Senator Kroft: There is movement constantly both ways and the 20 per cent has been a saw-off in those two moves. The other thing that we must never lose site of, and it concerns both the intergenerational aspect and the inclination of capital to move, is that, while we have our estate and capital planning industry, they also have theirs. We have no gift tax. They have a gift tax.

They have found another way of intruding on the public purse in the way of the capital transfer value. Perhaps they have made a judgment that it is bad to transfer capital value from one generation to another, and they have a severe regime of estate taxation. On the supposition that the government needs revenues to work on and there are tradeoffs, what would your comments be if we were to step into the American position? Take it the other way around, so that the transfer of capital from one generation to another was heavily taxed but the realization of current capital gains was less heavily taxed or not taxed at all.

Mr. Brenner: Taxes are always a matter of compromise. Nothing is perfect. However, there are two issues here. First, if you try to impose too high a tax on something, then people will avoid it or evade it. We have seen that in Canada with the black market and so forth. Second, economists work out theoretical models about this tax or that tax, but they never take into account what happens if capital moves south and people go into black markets. Also, people tend to find wonderful loopholes. Whatever tax the U.S. has, there are plenty of ways to avoid it. You must remember that, when you write a tax code, that language is never so precise that a good lawyer and some good accountants cannot violate it.

You went in another important direction, regarding the question of fairness and mobility and about how the rich may or may not stay rich. Just looking at the United States, Forbes Magazine publishes annually the list of the 400 richest people in the U.S and in the world. You will notice that in the United States, in contrast to any other country, there is a huge turnover in that list. The people who were at the top 10 years ago in the United States are almost out of the list or are very close to the bottom, while those who are at the very top now, who are the called the 'Silicon Valley aristocracy', were nobodies 10 years ago. They did not have a penny.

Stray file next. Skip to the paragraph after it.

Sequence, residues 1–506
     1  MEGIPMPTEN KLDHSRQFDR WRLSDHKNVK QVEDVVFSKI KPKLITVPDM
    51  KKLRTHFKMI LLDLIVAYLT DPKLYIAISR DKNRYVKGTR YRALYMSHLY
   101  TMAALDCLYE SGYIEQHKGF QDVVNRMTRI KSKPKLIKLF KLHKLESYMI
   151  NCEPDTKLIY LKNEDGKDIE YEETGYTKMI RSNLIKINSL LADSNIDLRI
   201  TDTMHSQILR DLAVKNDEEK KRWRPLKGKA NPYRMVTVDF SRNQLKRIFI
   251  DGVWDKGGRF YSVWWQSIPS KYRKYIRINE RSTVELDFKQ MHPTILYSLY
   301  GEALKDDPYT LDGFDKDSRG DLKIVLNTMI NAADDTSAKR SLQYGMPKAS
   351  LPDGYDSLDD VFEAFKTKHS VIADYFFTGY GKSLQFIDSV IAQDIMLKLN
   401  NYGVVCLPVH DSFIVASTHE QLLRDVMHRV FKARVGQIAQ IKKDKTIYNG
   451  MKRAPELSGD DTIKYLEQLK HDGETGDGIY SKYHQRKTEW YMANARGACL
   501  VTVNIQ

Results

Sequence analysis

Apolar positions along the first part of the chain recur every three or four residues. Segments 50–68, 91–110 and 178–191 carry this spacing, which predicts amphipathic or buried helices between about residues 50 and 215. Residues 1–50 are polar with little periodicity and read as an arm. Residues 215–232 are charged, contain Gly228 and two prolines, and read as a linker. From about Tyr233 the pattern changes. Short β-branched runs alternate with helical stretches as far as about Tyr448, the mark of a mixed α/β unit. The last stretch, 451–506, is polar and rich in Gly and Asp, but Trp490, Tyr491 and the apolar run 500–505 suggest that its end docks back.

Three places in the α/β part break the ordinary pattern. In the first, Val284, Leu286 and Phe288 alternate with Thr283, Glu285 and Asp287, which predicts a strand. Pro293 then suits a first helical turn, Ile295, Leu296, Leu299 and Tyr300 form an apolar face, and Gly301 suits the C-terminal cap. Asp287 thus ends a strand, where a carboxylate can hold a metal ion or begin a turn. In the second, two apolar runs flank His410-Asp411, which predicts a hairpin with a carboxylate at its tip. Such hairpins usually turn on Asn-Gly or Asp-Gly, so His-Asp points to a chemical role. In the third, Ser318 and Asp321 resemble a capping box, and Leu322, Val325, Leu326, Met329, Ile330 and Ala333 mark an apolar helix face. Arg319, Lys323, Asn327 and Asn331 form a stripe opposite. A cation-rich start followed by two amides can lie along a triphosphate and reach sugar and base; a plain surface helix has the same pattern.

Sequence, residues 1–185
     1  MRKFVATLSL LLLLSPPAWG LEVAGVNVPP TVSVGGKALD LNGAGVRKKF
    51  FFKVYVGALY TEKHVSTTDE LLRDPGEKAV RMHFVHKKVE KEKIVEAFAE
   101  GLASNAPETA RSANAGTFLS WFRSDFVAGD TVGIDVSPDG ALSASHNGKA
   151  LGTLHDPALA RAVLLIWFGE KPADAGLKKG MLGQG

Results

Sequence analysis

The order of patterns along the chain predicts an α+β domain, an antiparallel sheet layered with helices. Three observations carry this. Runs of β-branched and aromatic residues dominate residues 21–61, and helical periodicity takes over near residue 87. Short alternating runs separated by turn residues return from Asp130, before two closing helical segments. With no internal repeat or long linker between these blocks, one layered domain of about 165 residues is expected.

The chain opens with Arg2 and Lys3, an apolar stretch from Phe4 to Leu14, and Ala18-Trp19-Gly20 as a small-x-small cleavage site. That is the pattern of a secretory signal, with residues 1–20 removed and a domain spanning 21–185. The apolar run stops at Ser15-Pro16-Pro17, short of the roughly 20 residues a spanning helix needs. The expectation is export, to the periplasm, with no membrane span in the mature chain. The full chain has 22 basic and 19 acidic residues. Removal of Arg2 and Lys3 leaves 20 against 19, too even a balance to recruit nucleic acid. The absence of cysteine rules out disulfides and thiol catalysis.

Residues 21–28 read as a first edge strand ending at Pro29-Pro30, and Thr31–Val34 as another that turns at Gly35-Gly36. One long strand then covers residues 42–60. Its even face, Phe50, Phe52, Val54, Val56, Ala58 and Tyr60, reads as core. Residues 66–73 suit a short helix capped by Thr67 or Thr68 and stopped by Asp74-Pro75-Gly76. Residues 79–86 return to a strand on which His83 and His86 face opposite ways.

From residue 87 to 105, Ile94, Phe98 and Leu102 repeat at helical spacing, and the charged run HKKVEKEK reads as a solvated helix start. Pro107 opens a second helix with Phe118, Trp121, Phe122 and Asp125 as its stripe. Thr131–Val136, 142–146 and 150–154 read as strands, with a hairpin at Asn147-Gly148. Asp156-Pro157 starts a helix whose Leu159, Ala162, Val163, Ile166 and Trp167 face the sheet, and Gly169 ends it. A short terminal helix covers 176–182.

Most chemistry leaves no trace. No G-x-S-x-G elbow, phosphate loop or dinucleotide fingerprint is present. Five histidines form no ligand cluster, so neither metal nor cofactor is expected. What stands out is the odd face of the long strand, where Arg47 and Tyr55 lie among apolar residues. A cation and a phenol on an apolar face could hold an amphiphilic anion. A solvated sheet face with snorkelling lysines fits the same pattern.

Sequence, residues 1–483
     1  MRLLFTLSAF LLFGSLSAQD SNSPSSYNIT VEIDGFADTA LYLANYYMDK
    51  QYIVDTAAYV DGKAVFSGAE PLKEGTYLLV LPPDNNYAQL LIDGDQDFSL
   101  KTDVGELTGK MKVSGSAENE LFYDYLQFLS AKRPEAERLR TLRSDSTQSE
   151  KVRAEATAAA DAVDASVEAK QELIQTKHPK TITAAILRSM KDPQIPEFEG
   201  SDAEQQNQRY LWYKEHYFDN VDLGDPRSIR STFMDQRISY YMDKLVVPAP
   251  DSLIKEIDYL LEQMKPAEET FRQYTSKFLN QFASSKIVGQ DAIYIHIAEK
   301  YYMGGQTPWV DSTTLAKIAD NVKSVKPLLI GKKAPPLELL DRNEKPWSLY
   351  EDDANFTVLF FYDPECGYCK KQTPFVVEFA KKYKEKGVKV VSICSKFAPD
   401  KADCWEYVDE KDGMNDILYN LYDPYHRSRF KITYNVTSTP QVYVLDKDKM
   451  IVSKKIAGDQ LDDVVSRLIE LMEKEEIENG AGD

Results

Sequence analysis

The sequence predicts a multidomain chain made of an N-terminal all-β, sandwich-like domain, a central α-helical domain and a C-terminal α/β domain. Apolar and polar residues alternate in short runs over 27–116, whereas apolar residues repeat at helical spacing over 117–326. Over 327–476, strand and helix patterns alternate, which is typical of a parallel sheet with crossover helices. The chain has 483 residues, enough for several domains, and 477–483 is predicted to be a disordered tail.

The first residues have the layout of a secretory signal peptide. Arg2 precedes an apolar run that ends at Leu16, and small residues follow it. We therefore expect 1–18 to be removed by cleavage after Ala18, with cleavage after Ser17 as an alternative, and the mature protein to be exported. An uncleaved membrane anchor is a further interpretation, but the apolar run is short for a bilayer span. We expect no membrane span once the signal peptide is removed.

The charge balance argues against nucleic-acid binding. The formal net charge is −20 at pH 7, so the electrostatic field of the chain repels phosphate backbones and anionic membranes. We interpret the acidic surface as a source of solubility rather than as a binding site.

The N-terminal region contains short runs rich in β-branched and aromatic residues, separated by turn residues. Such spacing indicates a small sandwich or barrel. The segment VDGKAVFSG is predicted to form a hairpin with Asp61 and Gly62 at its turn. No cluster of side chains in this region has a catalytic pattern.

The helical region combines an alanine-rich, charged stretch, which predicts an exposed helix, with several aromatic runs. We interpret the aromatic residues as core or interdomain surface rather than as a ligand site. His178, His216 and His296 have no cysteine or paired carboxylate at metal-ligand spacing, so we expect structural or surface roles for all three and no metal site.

When people mention inequality, it is big mistake to link the capital gains tax with that debate, because inequality has two meanings. You can have the same statistical measure for inequality in two countries. However, that does not matter, because the interpretations would be very different, if in one country it is all the time the same people who are at the top, in the middle, and at the bottom, while in the other country the people move up and down. If you compare that measure across countries, you will see that one of the biggest movements is in the United States, and there is even greater movement in places like Hong Kong -- the kind of esoteric, accidental places, I would call them.

Why do they have that greater movement? I would say once again that it is because of two things. One is their tax regime and the other is the extent that their capital markets are democratized. The two are linked in my view because the angels will give seed money to the newcomers, and they have a chance to go up. If you do not have that market, whether because of bad taxes or because you regulate your financial markets, the poor are prevented from succeeding. They stay at the bottom.

Perhaps I did not understand your question correctly, but I thought that that was the direction you were going in. I am glad you raised that question.

I will return to what was said about the gift tax versus the estate tax in the United States. Most of the fortunes go from one generation to another because there are trusts and a lot of ways to avoid paying inheritance tax.

Senator Angus: There are no deemed dispositions.

The Chairman: They have estate tax, but we have deemed realization on death, which means that 40 per cent of what we accumulate during our lifetime is paid out upon death. That makes a huge difference, believe me.